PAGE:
Climate Change Strike: What Parents Need To Know About Why Kids Are Skipping School

Young people across the world are missing a day of school and college to protest global warming.

Thousands of students across the world are skipping school this Friday, 15 February, to protest the effects of climate change.

Students in 40 cities and towns across the UK will join those in the US, Australia, The Netherlands and Uganda to call for greater government action on global warming, inspired by young Swedish climate activist Greta Thunberg, 16.

Demonstrations are expected to take place in London, Bristol, Cornwall and the Scottish Highlands, and have been organised by groups YouthStrike4Climate, the UK Student Climate Network, and the UK Youth Climate Coalition.

“We’re running out of time for meaningful change, and that’s why we’re seeing young people around the world rising up to hold their governments to account on their dismal climate records,” said Anna Taylor, of the UK Student Climate Network.

This is what parents need to know – from what’s happening and why, to how your children’s school or college might handle their absence.


So, Why Is There A Strike?

The student and pupil-led protests are planned this Friday, 15 February – and again on Friday, 15 March. There may be more, in line with the campaign Fridays for Future.

The coalition of the three youth groups – who organised the strike – says its students are driven by an “alarming” lack of government leadership on climate action over previous decades. The objective: to “radically reform” the role and power of young people in national action against climate change. At its core, the UK-wide strike has been inspired by Swedish student Greta Thunberg.

Who Is Greta Thunberg?

Greta was only 15 in August 2018 when she stopped going to school on Fridays. Instead, she led a solitary protest outside Swedish parliament buildings, pressuring the government to pass legislation that would reduce carbon emissions in line with the Paris Agreement.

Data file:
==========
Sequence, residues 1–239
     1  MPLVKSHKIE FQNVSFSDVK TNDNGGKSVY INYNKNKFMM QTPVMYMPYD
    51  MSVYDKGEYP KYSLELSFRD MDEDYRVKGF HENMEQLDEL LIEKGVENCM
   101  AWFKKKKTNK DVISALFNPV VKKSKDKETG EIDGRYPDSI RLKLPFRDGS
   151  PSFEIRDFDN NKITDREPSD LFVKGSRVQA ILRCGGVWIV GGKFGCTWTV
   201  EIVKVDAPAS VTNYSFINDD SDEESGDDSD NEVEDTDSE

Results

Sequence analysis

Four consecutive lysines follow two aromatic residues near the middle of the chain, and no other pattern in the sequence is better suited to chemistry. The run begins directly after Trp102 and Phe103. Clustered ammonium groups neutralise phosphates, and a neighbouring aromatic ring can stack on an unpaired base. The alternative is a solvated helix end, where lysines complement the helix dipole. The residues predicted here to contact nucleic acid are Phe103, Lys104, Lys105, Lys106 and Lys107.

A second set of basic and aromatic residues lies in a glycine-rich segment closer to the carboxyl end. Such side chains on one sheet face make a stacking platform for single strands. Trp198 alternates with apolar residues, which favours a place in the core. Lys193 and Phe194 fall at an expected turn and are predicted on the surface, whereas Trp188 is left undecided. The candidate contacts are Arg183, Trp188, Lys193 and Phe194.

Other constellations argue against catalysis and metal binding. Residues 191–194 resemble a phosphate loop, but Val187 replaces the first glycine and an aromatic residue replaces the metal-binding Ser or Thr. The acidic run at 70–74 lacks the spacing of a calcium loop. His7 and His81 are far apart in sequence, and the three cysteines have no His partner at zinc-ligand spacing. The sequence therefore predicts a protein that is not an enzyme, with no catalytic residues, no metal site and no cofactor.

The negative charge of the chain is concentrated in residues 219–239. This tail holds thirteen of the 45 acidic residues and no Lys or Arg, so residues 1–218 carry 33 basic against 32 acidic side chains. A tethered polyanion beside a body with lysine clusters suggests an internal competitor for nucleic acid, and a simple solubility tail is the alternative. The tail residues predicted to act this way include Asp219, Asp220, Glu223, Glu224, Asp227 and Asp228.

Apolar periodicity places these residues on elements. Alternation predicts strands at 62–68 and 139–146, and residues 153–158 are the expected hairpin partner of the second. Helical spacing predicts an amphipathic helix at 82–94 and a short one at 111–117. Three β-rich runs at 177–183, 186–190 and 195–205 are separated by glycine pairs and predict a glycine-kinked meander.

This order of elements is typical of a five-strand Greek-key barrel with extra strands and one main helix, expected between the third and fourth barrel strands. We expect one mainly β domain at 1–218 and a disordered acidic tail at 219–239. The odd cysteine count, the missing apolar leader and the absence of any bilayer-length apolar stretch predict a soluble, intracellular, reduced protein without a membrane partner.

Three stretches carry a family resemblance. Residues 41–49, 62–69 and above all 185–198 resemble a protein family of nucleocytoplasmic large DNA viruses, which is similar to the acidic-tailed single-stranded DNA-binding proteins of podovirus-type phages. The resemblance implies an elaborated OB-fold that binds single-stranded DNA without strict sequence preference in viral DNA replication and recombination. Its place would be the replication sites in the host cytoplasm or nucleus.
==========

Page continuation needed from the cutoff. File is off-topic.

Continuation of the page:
Greta has since addressed world leaders at the COP24 United Nations climate chance summit and the World Economic Forum. Her message to fellow students is this: “You don’t have to school strike, it’s your own choice. But why should we be studying for a future that soon may be no more? This is more important than school, I think.”

There’s a TED talk you can watch with Greta, explaining why she believes the action is necessary.

What Are The Demands?

UK students want the government to declare “a state of climate emergency”. They want better education about global warming, and are demanding a change to the school curriculum which will include education about climate change.

They also want young people to be included in decision-making and are calling for the voting age to be reduced to 16.

What Do Parents Need To Know?

Those with kids who are choosing to strike may need to explain to staff why their child is not at school. Each school will have its own protocols, but parents might be expected to call in or write a letter to inform them of the reason for their absence. It’s best to contact the school and ask how you should deal with this, if your child is striking.

What Are People Saying About It?

On Twitter, many are in support of the strike – including Caroline Lucas MP. Writing for HuffPost UK on Friday, Lucas added: “Our children recognise that they are living through a climate emergency. They are striking today because they know we cannot carry on as normal.”

Some parents are sharing their support for their children’s stance against global warming.

But others don’t think it will make any difference – with some even calling for punishments for the pupils who take part.

Some, however, wish the kids the best of luck.

Find out more about the groups organising the strike on their websites: YouthStrike4Climate, UK Student Climate Network, and UK Youth Climate Coalition.